North Brunswick dentist, Dr. Jyoti Shah, views her patients as more than a set of teeth and gums. She and her dedicated team seek to treat the whole person, and so, evaluate each patient for problems beyond simple tooth decay and gum disease.
One of most prevalent, but often ignored, oral health problems is TMJ or TMD, a chronic inflammatory condition of the jaw joint. More properly called Temporomandibular Joint Dysfunction, TMJ affects more than 10 million adults in the United States, according to the National Institute of Dental and Craniofacial Research.
Do you suspect you have TMJ? Dr. Shah answers many frequently asked questions about TMJ in her North Brunswick dental office, offering patients precise diagnosis, compassionate listening and gentle solutions to this disconcerting and painful issue.
FAQs about Temporomandibular Joint Dysfunction
1. What is the temporomandibular joint? The TMJ is the joint at the side of the head which allows an individual to open and close his mouth and move his lower jaw laterally, or sideways. The upper end of the jaw bone has a rounded condyle which connects to the temporal bone via special muscles and a soft disc.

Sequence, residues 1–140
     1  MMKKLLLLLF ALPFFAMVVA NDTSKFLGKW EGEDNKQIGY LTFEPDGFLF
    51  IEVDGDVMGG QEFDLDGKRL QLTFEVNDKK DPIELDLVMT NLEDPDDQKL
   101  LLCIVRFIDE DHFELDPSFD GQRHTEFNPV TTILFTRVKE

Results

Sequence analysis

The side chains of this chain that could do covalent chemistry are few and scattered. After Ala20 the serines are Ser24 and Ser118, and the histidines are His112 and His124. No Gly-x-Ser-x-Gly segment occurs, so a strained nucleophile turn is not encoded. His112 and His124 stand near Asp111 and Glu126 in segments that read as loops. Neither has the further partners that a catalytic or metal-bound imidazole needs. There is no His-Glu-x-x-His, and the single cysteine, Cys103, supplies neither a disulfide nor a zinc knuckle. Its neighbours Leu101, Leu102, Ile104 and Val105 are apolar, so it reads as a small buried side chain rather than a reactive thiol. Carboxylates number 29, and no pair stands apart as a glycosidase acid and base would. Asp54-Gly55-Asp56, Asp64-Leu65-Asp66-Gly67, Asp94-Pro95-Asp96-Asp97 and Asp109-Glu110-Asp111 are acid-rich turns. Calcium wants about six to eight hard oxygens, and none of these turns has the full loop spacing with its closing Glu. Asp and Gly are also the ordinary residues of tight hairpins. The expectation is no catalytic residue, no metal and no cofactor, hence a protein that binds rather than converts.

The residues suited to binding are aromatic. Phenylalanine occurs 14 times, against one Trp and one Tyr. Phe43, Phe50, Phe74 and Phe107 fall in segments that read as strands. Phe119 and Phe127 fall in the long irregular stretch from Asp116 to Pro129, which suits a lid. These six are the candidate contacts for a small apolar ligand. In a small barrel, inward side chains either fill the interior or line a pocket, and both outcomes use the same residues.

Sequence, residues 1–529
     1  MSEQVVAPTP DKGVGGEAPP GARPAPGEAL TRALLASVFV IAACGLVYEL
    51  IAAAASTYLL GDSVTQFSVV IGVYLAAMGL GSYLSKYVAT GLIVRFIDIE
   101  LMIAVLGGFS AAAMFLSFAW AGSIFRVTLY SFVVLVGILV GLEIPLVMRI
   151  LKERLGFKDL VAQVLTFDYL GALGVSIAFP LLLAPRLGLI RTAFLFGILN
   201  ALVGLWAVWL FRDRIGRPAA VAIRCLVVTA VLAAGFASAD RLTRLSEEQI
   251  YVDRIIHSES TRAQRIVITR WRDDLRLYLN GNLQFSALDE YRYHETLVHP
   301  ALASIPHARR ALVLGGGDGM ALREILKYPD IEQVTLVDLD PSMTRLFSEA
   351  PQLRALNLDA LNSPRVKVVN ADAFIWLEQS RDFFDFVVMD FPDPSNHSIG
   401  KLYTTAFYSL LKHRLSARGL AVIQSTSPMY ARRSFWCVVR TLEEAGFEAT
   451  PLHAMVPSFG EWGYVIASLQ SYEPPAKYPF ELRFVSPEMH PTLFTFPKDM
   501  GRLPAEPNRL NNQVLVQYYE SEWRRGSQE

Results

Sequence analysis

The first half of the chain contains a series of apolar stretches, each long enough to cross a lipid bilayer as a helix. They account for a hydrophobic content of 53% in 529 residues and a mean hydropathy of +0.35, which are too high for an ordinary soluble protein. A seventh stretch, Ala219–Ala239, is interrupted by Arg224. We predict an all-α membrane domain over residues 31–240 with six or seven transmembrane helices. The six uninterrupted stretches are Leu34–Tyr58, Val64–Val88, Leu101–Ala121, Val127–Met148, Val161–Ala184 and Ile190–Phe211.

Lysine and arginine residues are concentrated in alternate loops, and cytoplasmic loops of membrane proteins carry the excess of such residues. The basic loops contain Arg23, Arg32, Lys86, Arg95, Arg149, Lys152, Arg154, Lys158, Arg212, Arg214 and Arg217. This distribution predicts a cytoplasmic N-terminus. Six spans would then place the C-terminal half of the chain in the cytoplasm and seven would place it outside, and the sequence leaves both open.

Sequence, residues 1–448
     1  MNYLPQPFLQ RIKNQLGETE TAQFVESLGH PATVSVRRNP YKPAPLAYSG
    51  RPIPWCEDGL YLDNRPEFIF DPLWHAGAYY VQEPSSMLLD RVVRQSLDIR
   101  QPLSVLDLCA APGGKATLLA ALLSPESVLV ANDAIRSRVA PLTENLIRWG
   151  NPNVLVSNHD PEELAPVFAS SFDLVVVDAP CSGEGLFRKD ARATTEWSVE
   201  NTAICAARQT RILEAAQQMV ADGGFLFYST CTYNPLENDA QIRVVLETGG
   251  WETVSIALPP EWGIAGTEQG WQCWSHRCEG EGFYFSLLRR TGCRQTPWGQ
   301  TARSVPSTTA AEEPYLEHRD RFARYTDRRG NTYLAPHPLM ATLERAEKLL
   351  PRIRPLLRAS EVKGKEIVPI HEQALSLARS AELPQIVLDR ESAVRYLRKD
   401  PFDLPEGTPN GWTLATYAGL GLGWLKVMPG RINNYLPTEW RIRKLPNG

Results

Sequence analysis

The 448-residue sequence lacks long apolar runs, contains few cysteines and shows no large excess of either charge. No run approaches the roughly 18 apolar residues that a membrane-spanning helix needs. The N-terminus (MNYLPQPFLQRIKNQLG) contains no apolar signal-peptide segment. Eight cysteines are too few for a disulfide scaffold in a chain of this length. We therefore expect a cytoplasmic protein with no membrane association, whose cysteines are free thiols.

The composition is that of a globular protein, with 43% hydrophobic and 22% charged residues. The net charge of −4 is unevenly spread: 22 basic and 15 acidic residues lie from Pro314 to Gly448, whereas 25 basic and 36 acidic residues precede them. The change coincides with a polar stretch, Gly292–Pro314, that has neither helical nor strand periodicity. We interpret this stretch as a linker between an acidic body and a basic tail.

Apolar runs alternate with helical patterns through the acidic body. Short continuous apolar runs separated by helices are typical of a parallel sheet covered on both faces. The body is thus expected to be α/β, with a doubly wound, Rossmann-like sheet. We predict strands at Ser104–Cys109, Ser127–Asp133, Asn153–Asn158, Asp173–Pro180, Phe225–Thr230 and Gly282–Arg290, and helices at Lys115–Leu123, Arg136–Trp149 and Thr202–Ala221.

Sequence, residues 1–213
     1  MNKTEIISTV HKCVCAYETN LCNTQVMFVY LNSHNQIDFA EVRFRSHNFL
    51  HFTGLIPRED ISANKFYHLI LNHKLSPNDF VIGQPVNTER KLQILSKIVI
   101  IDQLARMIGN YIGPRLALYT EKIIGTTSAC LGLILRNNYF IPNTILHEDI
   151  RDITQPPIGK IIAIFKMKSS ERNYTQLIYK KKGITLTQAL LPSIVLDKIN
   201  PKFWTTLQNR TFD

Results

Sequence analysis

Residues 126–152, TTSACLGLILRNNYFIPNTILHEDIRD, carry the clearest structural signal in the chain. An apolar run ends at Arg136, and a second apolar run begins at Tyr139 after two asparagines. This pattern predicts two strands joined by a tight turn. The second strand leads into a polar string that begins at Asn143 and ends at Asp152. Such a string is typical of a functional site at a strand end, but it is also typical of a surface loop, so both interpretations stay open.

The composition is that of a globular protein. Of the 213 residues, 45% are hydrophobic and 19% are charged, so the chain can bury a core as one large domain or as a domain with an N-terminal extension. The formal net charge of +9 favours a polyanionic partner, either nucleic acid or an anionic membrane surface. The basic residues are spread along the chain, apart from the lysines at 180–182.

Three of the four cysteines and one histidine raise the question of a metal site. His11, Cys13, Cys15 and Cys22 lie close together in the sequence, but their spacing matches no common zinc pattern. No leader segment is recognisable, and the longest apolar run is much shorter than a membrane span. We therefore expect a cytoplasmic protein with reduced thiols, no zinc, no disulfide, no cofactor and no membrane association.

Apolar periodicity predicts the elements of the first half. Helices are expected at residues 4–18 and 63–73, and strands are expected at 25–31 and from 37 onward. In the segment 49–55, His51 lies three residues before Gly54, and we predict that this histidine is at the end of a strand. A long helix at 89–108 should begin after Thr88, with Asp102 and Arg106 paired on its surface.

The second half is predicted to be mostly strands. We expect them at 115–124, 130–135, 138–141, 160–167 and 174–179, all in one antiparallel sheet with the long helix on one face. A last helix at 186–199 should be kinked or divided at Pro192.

2. What goes wrong with this joint? Unfortunately, many people experience facial pain, earaches, headaches, popping and clicking noises at the joint and some swelling, too. Perhaps most worrisome is the inability to open and close the jaw properly and comfortably. In fact, sometimes the mouth gets "stuck" in the open or closed position.
3. Who gets TMJ? Anyone can, but women between the ages of 30 and 40 seem most prone.
4. What causes it? Temporomandibular Joint Dysfunction is somewhat mysterious. Of course, a blow to the face may cause it, but beyond that, chronic inflammation, stress, and related teeth clenching and grinding and poor dental bite contribute to the condition.
5. How is it diagnosed and treated? Your North Brunswick dentist evaluates possible TMJ with gentle oral examination and discussion of symptoms. She may take digital x-rays and other imaging to determine how teeth bite together and to look at the jaw joint and related bone structure.
Treatment can be very simple as TMJ often just comes and goes. Ice or heat to the joint relieves discomfort as do ibuprofen, acetaminophen, or with severe pain, muscle relaxants. Cortisone injections reduce inflammation. Depending on Dr. Shah's findings, dental interventions include orthodontic correction or crowns and bridgework to correct bite problems.
TMJ is a quirky, stubborn oral disorder that truly impacts a person's overall well-being. If you think you have this jaw joint problem, contact Family Dentistry by Jyoti R. Shah DDS. She and her staff will get to the root of your discomfort and craft sensible solutions that work. Call (732) 246-8181 for an appointment.